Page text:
Someone took $1 billion in bitcoin from a wallet that hadn’t been used for 5 years

More than $1 billion in Bitcoin has been transferred from a mysterious wallet that has not been used since 2015. By the way, this bitcoin wallet is the fourth largest in the world, Ars Technica reports, citing a statement from an employee of Elliptic, which analyzes blockchains.

The transaction with 69,369 BTC – at the time of publication of the article $1,033,931,071 – has been done in the last 24 hours. Alon Gal, co-founder of technology security firm Hudson Rock, was one of the first to tweet about the deal.

“Incredible,” he wrote. “Someone was able to crack the bitcoin wallet password that I reported recently and spend the $ 1,000,000,000 that was there!” Gal also stated that it remains unclear if the person responsible for this transfer was the original owner of the wallet, or if it was someone who managed to crack the password.

Tom Robinson, co-founder and chief scientist at blockchain analytics company Elliptic, said on Twitter that the bitcoin wallet is the fourth largest in the world. The funds came from the sale of illegal goods on Silk Road, a clandestine market that sold drugs, contract killings and other illegal goods and services, before it collapsed in 2013, he said.

According to Robinson, when bitcoins were withdrawn from Silk Road in 2013, their value was about $ 350,000. Over the years, the skyrocketing price of bitcoins has resulted in their value soaring to more than $955 million. The account has remained dormant since 2015. years when someone transferred 101 BTC to BTC-E. This is a now closed online trading platform for fiat currencies and cryptocurrencies in real-time, focused primarily on Russian-speaking users. The founder of BTC-E was arrested in 2017 on charges of $4 billion in bitcoin laundering.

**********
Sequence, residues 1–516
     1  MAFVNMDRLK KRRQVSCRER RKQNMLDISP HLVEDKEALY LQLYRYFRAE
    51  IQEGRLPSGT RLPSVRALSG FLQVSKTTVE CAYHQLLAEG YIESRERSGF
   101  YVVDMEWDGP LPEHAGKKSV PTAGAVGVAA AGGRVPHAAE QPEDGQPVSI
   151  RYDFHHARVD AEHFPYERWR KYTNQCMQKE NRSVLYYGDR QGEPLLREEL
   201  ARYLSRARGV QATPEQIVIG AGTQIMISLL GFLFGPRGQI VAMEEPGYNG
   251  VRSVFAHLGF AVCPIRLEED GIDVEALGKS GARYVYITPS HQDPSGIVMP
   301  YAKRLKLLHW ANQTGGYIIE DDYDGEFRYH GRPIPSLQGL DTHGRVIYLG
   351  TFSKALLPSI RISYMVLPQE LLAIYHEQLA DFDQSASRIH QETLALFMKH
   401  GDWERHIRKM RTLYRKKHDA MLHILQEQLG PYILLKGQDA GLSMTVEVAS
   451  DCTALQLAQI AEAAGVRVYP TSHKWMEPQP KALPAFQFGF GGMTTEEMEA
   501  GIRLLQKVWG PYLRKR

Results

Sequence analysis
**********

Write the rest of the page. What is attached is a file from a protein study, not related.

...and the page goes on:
Who “cleaned out” the bitcoin wallet is still a mystery. Perhaps it was either someone associated with the founder of Silk Road, Ross Ulbricht, or one of the users of the online criminal market. But there is another possibility: in an article published two months ago by Vice, it was said that hackers traded an encrypted wallet on forums and underground marketplaces in the hope of recovering cryptocurrency, which at that time was worth about $690 million.

Many believed that the chances of successfully cracking the password to unlock the wallet were very small. Passwords are usually long and the encryption is very complex. Moreover, you can never be sure that the transmitted wallet.dat file is a real Bitcoin wallet or just a fake.

For now, the quasi-anonymous nature of bitcoin transactions hides the identity of the person or party who transferred more than $1 billion in digital currency.

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